Oxygen saturation is a measure of how much oxygen the blood is carrying as a percentage of the maximum it can carry. With each breath, oxygen is passed by the lungs to the blood stream where the majority of the oxygen attaches to hemoglobin. Hemoglobin is a protein located inside each red blood cell, and the hemoglobin molecules in blood are what carry oxygen from the lungs to the tissues of the body and return carbon dioxide from the tissues to the lungs for re-exchange with oxygen. One hemoglobin molecule can carry a maximum of four molecules of oxygen. If a hemoglobin molecule is carrying three molecules of oxygen, then it is carrying ¾ths or 75% of the maximum amount of oxygen that it can carry. One hundred hemoglobin molecules can together carry a maximum of 400 (100×4) oxygen molecules. If those 100 hemoglobin molecules were carrying 380 oxygen molecules, they then would be carrying (380/400)×100=95% of the maximum number of oxygen molecules that they can carry and so together would be 95% saturated. In healthy patients, a normal oxygen saturation level is typically around 97-98 percent.

Pulse oximetry technology takes advantage of the light absorptive characteristics of hemoglobin and the pulsating nature of blood flow in the arteries to aid in determining the oxygen saturation of the blood in the body. First, there is a color difference between hemoglobin that is fully saturated with oxygen and hemoglobin with little or no oxygen bound to it, with the former being bright red and the latter being much darker. Second, with each pulse or heartbeat there is a slight increase in the volume of blood flowing through any given artery or branch thereof. Because of this increase in blood volume, albeit small, there is a corresponding increase in oxygen-rich hemoglobin. Each pulse essentially represents the maximum amount of oxygen-rich hemoglobin flowing through the arterial vessels at any given time.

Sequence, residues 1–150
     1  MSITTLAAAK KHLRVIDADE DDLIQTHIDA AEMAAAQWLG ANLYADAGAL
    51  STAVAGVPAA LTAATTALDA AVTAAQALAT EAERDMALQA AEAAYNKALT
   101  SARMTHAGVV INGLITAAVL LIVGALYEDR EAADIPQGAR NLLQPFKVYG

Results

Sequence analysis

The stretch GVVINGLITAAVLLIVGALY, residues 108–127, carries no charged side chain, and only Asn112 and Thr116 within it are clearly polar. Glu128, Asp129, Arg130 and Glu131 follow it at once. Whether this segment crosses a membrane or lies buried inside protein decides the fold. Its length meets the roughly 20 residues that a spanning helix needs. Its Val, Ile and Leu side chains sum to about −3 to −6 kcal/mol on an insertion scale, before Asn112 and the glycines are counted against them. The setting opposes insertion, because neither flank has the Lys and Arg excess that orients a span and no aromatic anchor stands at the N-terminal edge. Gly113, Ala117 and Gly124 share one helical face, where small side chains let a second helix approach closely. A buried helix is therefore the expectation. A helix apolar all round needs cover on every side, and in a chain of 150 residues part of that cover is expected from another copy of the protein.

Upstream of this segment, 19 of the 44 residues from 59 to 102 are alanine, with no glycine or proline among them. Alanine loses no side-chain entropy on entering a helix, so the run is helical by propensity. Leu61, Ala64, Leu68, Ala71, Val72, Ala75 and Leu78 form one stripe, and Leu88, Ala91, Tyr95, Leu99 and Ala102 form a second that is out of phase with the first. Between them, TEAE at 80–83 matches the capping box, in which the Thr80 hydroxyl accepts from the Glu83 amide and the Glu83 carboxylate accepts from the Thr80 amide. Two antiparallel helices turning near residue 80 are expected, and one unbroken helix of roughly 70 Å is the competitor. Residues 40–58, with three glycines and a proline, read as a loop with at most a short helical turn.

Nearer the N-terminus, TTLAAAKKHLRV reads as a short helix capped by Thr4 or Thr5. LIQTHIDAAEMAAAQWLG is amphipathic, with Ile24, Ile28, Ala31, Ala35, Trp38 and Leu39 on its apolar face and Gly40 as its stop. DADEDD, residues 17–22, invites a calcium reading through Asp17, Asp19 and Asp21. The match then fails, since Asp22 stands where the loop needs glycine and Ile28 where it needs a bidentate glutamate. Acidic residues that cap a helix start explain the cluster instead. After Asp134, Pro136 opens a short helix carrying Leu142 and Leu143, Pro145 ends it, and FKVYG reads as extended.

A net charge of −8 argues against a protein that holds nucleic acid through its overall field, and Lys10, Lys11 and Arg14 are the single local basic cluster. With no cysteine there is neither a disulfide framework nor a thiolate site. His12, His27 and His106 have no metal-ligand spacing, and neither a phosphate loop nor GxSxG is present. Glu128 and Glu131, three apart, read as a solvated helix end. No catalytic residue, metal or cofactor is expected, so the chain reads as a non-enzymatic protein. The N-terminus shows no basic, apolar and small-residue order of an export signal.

Pulse oximetry systems used to measure the oxygen saturation of blood typically include a probe and a computerized system (often referred to as a pulse oximeter apparatus) to which the probe connects. Sometimes embodied in the form of a clip, the probe is designed to be clamped, clasped, taped or otherwise coupled to a body part (e.g., a finger, an earlobe, or a nose). For use in magnetic resonance (MR) applications, oftentimes such probes generally consist of two fiber optic bundles and a coupling member. The coupling member is used to hold the emitter and detector portions of the fiber optic bundles onto the body part so that the emitter and detector portions are aimed at each other therethrough. As is explained below, the probe via its fiber optic bundles is also used to route the relevant light signals between the body part and the pulse oximeter apparatus. The pulse oximeter apparatus itself typically includes a transmitter unit, a receiver unit, and a microprocessor through which the measurement of oxygen saturation of the blood is ultimately made and controlled.